I’ve had a DVD copy of Career Courier for months and months. I’ve been waiting for the opportunity to watch this documentary about the lives of bike messengers with someone who had lived that life. The problem is, I live in Flagstaff, Arizona, which is not a bike messenger town.
So when I went to Washington DC last month for the National Bike Summit, I got my friend John Dinn to watch it with me. I stayed (crashed, really) at John’s house for a couple of nights after the Summit.
It’s a fun, funny, and bittersweet documentary. The theme of freedom is repeated many times. The people who work as bike messengers love the freedom the job gives them — in spite of the low pay, few opportunities for upward mobility, and hostile, car-oriented streets.
Clearly not the intention of filmmaker Kenton Hoppas, but for me, the film underscored the way car-centrism has taken over American cities. It makes sense that the people who choose to bike and work in this environment are the types who demand freedom in ways more compliant people can’t fathom.
Freedom is a hollow watchword in much political rhetoric. The day before I watched this film, I had been on Capitol Hill, dropping the word like a special kind of f-bomb in meetings with Congressmen and/or their staff members. I hoped the word would resonate with them; convince them to save Federal funding for cycling infrastructure.
The seemingly apolitical messengers in Career Courier don’t request freedom in the halls of Congressional office buildings. They live freedom on the streets while us play-it-safe cycling types plead and wait for politicians to give it to us.
I felt envious of the subjects of Hoppas’ film, and even more resentful of this Congress.
But that’s just me. This is the description of the film from the Career Courier Website:
Whether you are a bicycle messenger for a day or for 20 years, it’s a dangerous and physically demanding job. But it is also a lot of fun. So much fun, in fact, that a few bicycle messengers start out on the job thinking that they will just messenger for a summer or two, and then find themselves still doing it 20 years later.
Hardly the preamble for a bike advocacy polemic.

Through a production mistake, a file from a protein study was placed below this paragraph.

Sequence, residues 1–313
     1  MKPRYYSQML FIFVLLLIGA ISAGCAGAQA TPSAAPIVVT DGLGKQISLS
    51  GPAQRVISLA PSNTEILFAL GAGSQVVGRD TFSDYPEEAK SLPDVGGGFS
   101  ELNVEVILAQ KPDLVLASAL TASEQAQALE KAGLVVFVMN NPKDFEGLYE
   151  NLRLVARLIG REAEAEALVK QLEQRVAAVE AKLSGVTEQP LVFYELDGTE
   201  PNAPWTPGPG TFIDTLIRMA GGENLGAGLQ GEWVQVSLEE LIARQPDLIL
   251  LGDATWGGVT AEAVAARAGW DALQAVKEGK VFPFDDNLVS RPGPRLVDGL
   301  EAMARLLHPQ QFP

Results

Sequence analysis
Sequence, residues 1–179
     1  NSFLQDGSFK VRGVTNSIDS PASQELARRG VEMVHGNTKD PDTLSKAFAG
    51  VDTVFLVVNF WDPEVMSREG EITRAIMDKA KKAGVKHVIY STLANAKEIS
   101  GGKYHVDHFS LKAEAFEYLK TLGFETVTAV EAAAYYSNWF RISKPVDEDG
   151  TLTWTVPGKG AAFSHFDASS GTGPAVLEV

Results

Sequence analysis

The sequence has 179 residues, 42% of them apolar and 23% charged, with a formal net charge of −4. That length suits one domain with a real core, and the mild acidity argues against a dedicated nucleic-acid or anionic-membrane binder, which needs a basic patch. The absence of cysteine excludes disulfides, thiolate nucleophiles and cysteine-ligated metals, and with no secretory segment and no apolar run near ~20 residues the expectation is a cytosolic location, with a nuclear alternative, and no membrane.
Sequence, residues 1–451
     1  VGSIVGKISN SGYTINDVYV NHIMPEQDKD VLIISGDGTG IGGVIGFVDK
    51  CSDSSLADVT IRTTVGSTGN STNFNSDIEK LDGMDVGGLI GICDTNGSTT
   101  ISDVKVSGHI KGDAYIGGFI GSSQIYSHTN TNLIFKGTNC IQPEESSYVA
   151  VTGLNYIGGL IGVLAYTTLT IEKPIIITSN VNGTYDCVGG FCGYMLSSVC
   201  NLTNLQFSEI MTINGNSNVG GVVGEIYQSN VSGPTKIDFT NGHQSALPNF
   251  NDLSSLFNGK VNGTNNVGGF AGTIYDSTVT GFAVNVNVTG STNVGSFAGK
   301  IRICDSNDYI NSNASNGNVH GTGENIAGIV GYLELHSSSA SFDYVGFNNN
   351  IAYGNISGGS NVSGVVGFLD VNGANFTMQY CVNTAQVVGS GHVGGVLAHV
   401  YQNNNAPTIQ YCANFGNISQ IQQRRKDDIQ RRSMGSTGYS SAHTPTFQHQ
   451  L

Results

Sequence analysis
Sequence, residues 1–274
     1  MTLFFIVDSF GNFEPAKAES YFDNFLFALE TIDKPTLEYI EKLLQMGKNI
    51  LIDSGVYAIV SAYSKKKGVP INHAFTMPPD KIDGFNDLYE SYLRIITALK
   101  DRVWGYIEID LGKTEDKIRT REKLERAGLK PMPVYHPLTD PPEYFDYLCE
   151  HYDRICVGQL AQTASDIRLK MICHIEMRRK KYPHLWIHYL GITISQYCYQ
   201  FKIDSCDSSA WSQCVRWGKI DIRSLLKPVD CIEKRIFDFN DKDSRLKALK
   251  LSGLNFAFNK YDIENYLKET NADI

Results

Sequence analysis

My friend John was a free-range courier in DC for about two years in the 90s before becoming an in-house courier for a visa service. Later, he stopped being a courier and took an office job for a visa company — although he bike commutes four or five days per week from Kensington, Maryland to downtown DC, “if I am not being a pussy about the weather.”
As a courier, John didn’t just move documents across the city “faster that anyone in a cab.” John had made connections that helped him learn the soft side of moving paperwork through a bureaucracy. “The companies I have worked for in the visa business always appreciated the fact that I know a lot of people in the embassies.”
So, unlike the subjects of Career Courier, John found and/or chose a path out of his job as a messenger, while still satisfying his love of cycling. He stays connected to the courier community in DC, and in other large cities on the East Coast. John knows many of the couriers in the film from alleycat races in the region.
An alleycat race, if you don’t know, is an unsanctioned (usually) race in a city where cyclists race to various checkpoints, and complete tasks like a scavenger hunt. It’s basically a courier fix for an ex-courier. And John gets his fix by organizing alleycat races.
Watching the film with him, he would knowingly laugh at moments that didn’t seem significant to me, like when Ellie says, “There’s always been an obsession with the biggest bag.” Or when there was a mention of the “psychic benefits” of the job.
And he’d say the names of his friends as they appeared on the screen.
“Ha ha… Squid.”
“Squid is a true courier and a true gentleman, living the courier dream!,” John told me in an e-mail.
I’ve known John for about 15 years, but I think I get him better, having seen Career Courier. The film makes no attempt to romanticize messengers or even to rehabilitate their scofflaw reputation.
I’m reminded of a quote by Abbie Hoffman:
You measure a democracy by the freedom it gives its dissidents, not the freedom it gives its assimilated conformists.
In a sense, couriers are a front line claiming city streets as equals with motor vehicles — which is my dream too, but to do it within the law, not as an adversary.
I bet most couriers wouldn’t see it that way. They’re just doing (as one courier called it) “the world’s best job.”
Career Courier is available on DVD or on demand from Amazon.
Two sponsors of the race are:
R.E.Load Bags, maker of the first place messenger bag
Banjo Brothers, who donated a messenger bag to be given as a prize.
Banjo Brothers bags are now available at Bike Bag Shop.
My participation in this years’ National Bike Summit was made possible by these sponsors.